Hyoscine skin patches for drooling dilate pupils and impair accommodation: spectacle correction for photophobia and blurred vision may be warranted
Article first published online: 21 MAY 2007
Developmental Medicine & Child Neurology
Volume 49, Issue 6, pages 426–428, June 2007
How to Cite
Saeed, M., Henderson, G. and Dutton, G. N. (2007), Hyoscine skin patches for drooling dilate pupils and impair accommodation: spectacle correction for photophobia and blurred vision may be warranted. Developmental Medicine & Child Neurology, 49: 426–428. doi: 10.1111/j.1469-8749.2007.00426.x
- Issue published online: 21 MAY 2007
- Article first published online: 21 MAY 2007
- Accepted for publication 8th January 2007.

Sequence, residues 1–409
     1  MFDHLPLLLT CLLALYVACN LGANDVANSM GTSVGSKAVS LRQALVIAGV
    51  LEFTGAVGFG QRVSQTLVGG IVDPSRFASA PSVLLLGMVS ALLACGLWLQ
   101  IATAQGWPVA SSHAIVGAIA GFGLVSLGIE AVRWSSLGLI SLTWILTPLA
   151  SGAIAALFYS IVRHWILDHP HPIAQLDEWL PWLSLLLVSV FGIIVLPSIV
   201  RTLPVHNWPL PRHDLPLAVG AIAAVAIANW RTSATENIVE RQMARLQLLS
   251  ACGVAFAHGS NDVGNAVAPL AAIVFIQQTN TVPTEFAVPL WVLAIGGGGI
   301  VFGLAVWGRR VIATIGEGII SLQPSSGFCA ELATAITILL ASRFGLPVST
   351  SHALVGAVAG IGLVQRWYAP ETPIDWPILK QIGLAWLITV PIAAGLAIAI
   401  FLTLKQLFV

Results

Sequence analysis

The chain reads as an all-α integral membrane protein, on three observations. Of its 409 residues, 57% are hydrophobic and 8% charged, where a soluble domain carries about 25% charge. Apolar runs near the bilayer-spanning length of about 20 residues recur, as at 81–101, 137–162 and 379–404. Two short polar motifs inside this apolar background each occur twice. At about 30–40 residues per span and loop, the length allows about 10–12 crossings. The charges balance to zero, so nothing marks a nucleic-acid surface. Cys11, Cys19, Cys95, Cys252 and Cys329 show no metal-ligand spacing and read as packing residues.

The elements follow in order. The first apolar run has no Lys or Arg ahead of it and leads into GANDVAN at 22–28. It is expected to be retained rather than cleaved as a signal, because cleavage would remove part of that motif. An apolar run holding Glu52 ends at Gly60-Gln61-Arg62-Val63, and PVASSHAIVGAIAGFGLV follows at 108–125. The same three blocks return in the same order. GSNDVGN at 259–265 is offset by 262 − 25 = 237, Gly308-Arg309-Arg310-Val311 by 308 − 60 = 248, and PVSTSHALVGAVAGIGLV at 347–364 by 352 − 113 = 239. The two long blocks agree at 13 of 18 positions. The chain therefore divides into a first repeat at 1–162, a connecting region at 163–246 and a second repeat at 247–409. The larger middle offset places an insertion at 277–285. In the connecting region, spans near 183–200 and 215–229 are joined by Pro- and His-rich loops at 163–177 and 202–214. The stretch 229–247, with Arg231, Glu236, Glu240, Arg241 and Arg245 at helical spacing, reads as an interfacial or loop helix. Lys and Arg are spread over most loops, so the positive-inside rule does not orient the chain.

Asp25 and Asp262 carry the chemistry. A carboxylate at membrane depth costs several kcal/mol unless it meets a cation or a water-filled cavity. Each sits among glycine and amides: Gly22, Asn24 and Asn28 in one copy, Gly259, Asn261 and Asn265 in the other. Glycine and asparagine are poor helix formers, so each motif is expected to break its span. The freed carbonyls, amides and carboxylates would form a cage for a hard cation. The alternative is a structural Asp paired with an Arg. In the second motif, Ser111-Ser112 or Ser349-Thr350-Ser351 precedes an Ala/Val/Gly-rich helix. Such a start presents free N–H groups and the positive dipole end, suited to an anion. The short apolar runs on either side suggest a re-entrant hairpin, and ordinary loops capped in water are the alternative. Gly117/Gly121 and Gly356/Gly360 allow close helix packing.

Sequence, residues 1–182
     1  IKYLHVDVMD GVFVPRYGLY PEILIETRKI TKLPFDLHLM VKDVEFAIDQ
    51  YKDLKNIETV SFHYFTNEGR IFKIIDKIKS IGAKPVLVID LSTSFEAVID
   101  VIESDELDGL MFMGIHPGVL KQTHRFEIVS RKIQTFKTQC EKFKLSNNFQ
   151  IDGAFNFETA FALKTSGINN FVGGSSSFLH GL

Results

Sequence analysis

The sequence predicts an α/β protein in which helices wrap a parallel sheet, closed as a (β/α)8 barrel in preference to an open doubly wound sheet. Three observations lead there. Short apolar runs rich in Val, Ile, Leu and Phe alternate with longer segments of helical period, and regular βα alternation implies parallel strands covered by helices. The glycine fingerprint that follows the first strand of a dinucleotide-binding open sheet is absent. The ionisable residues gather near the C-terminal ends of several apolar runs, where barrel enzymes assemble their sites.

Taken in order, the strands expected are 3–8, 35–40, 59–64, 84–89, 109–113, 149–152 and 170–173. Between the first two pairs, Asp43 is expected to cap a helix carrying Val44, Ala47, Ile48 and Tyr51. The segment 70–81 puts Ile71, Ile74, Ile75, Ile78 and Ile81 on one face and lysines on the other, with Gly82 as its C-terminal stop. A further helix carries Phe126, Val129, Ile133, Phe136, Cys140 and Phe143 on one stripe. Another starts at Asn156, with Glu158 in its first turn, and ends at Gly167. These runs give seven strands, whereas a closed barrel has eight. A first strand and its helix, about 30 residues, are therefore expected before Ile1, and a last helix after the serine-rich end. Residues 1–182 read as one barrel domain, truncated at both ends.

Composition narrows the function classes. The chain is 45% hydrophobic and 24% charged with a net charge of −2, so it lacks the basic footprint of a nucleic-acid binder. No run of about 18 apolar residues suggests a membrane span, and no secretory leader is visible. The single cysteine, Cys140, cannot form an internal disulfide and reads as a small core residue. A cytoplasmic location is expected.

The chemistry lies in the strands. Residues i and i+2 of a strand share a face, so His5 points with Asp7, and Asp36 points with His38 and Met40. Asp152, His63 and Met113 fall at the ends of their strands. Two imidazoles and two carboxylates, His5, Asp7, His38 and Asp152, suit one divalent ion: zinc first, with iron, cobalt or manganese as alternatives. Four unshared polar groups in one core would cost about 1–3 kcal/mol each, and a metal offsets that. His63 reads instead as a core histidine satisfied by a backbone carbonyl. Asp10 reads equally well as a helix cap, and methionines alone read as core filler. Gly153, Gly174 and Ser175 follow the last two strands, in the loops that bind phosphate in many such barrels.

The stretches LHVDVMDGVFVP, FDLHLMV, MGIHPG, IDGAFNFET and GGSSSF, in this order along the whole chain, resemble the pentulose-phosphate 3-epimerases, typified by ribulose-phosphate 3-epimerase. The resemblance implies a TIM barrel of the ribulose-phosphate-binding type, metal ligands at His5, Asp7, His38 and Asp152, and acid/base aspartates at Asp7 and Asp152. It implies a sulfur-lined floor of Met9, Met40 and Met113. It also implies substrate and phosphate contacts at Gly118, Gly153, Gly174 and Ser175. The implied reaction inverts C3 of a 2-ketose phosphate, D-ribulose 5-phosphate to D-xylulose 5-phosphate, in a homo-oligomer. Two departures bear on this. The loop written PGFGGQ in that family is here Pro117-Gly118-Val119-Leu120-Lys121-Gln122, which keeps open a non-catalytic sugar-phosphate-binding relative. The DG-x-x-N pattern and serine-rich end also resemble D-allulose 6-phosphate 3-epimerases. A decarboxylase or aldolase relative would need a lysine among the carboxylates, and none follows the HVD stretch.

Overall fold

Hyoscine skin patches diminish salivation by their anticholinergic action. The aim of reporting this case series is to present the ophthalmic side effects in children, and to highlight the precautions to take. Five children (two males, three females; age range 8-18y) with quadraplegic cerebral palsy (Gross Motor Function Classification System Level V) and profound intellectual impairment, wearing hyoscine skin patches to control excessive salivation, were examined. Binocular visual acuity, pupil reaction, pupil diameter, and dynamic retinoscopy were recorded before and after instilling guttae cyclopentolate 1%. The accommodative responses were compared with the expected norms. Spectacle correction was provided for refractive error and to compensate for lack of accommodation. Tinted lenses were provided for photophobia. Visual assessment was repeated 6 months later. All children had dilated pupils with a mean diameter of 7.8mm (range 7-9mm) before instilling guttae cyclopentolate. Mean pupil constriction to bright light was only 1.8mm (range 1-2mm). Mean resting accommodation was 0.45 dioptres (D; range 0-1D) and no accommodative responses were detected on dynamic retinoscopy. Three children were photophobic. Visual behaviour was seen to improve after the use of appropriate spectacles. Photophobia was relieved by tinted lenses. The anticholinergic effects of hyoscine skin patches can cause photophobia and impair vision due to pupil dilatation and paralysis of accommodation. Appropriate spectacles are recommended.